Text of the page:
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Bulletproof TLS Newsletter is a free periodic newsletter bringing you commentary and news surrounding SSL/TLS and Internet PKI, designed to keep you informed about the latest developments in this space.
In this issue:
- Does TLS have to change constantly to make it future-proof?
- Short news
Does TLS have to change constantly to make it future-proof?
The TLS 1.3 standard will soon be finished; however, getting here wasn’t always easy. One problem that accompanied the standardization process was devices assuming old TLS versions. These issues were worked around by protocol quirks—making the protocol needlessly complex, but also deployable. We’ve followed this development in our newsletter. To avoid similar issues in the future, the only option may be to change TLS constantly.
First, there was version intolerance: devices receiving a TLS 1.3 connection would not downgrade to a lower version. To avoid these problems, version negotiation was moved to an extension, and the GREASE mechanism, invented by David Benjamin from Google, was introduced. TLS 1.3 implementations can send a set of bogus version numbers that servers are meant to ignore. The same mechanism can also be used for other fields, like cipher suites.
But version negotiation wasn’t the only problem: middleboxes would assume that TLS packages would follow the format they had used in TLS 1.2 and would break connections if they didn’t. By making TLS 1.3 look more like 1.2, many of these issues could be remedied.
Going forward, the question is how to avoid similar pain in the future. Experience has shown that device makers are unlikely to learn from previous mistakes. Misunderstandings about what you can and can’t do without breaking the TLS protocol are prevalent, and even institutions like the UK government’s National Cyber Security Center seem to be confused.
David Benjamin has proposed something that sounds extreme, but it may be just what’s needed to deploy changes in TLS in the future. The idea is that beside the normal, standardized version of TLS 1.3, there could be temporary variations of it. These would change every few weeks. Some servers and browsers could support them for short amounts of time.
Given the large market share belonging just to Chrome and Google’s own services, it would be unlikely that anyone would deploy devices that break connections between them. It also would be no problem if browsers and web pages couldn’t agree on a temporary TLS version: they can always fall back to standardized TLS 1.3 (at least if both sides implement version negotiation correctly, but this is likely for the implementations participating in such an effort).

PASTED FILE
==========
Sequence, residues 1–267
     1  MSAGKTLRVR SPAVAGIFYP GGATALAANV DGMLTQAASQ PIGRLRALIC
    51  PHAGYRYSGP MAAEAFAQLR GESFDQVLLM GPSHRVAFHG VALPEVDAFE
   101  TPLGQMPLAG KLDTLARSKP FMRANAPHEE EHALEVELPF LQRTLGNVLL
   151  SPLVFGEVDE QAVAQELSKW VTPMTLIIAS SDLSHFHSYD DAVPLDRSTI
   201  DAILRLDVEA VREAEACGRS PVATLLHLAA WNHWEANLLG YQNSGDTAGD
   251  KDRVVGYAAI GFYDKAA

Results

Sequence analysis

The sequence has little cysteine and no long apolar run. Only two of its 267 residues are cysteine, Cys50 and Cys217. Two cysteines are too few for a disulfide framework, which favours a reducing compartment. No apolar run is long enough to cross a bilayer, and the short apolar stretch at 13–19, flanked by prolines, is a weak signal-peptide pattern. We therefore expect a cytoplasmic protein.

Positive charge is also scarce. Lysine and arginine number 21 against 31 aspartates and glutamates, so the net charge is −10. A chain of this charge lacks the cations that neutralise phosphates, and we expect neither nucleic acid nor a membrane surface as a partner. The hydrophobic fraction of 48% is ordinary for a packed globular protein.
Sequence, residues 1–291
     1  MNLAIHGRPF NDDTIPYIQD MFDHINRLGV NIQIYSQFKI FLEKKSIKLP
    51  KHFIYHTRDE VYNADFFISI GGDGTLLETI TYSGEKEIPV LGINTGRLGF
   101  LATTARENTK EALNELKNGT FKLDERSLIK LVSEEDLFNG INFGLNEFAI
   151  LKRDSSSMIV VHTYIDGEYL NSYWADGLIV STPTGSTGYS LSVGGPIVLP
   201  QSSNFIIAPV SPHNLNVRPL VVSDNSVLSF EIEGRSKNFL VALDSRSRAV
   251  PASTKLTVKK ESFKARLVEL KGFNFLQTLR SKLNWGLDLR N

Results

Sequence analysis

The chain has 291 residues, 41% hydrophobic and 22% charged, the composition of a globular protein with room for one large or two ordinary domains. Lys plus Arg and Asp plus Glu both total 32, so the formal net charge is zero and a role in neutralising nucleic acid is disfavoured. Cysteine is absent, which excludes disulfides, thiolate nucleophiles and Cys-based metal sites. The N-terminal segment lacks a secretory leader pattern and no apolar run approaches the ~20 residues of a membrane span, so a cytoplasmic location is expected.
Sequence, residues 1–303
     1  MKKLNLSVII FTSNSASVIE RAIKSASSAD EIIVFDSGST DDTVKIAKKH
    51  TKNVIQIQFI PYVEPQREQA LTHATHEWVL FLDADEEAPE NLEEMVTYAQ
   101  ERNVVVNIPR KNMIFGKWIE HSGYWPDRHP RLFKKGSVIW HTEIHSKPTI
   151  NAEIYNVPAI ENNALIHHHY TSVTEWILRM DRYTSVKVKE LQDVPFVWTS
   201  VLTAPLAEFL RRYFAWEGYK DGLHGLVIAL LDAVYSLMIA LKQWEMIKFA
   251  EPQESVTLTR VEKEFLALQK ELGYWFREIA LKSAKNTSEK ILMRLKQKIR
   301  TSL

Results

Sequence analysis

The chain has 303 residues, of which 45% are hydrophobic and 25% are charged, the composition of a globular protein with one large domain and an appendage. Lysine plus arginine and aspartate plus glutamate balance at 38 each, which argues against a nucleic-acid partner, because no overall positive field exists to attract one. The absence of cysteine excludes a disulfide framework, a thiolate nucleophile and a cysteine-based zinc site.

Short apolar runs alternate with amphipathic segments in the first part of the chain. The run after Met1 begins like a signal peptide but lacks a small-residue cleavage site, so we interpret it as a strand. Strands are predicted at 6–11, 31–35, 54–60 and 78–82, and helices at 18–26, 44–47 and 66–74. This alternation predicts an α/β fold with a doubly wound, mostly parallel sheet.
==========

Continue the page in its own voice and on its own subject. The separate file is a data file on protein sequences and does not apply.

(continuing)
- A TLS 1.3 workshop has been announced for the Crypto 2018 conference on August 19.
- Lin Clark from Mozilla explained DNS over HTTPS in a blog post.
- The hash-based signature scheme XMSS has been specified in RFC 8391. XMSS is assumed to be postquantum secure, but it’s a stateful scheme and thus often not a drop-in replacement for existing signature schemes.
- A buffer overflow has been found in the EAP-TLS implementation of pppd.
- OpenSSL published a security advisory about a denial of service vulnerability with Diffie-Hellman parameters.
- NCC Group has published research about memory cache side-channel attacks against ECDSA and DSA. Libgcrypt has published a security fix in response to the research.
- Let’s Encrypt supports a new domain validation method using the ALPN mechanism of TLS. A draft for an RFC has also been published.
- Digicert announced that it is leaving the CA Security Council (CASC). The CA Security Council is an industry group representing certificate authorities. The Digicert blog post indicates that the company had disagreements over the focus of the CASC and particularly about Extended Validation certificates.
- A draft for an RFC proposes deprecating the old TLS versions 1.0 and 1.1.
- For the upcoming Black Hat conference, a talk about a new CPU side-channel attack called TLBleed was announced. The Register has some background.
- Starting in July, the PCI-DSS credit card standard requires disabling TLS 1.0.
- Scott Helme has written about how Certificate Transparency logs can be used to spot phishing.
- Google will automatically redirect links via ads on Google search to HTTPS if the site supports it.
- Eric Lawrence noticed that Microsoft changed its behavior with EV certificates. The green EV indicator is only shown if SmartScreen (an anti-phishing feature from Microsoft) is enabled.
- The EFF restarted its STARTTLS Everywhere project, via which it maintains a list of configurations of SMTP servers with valid certificates.
- Hardenize supports validating the Expect-CT header.
- The standards for MTA-STS (TLS certificate validation for email servers) and SMTP-TLSRPT (reporting about TLS failures) are approved and soon will have RFCs. Hardenize explains MTA-STS in a blog post and introduces checks for it.
- Firefox 61 enables support for the latest draft version of TLS 1.3 by default.
- We’re almost certain that we’ll be able to announce TLS 1.3 in the next newsletter. Rumors say it’ll be RFC 8446.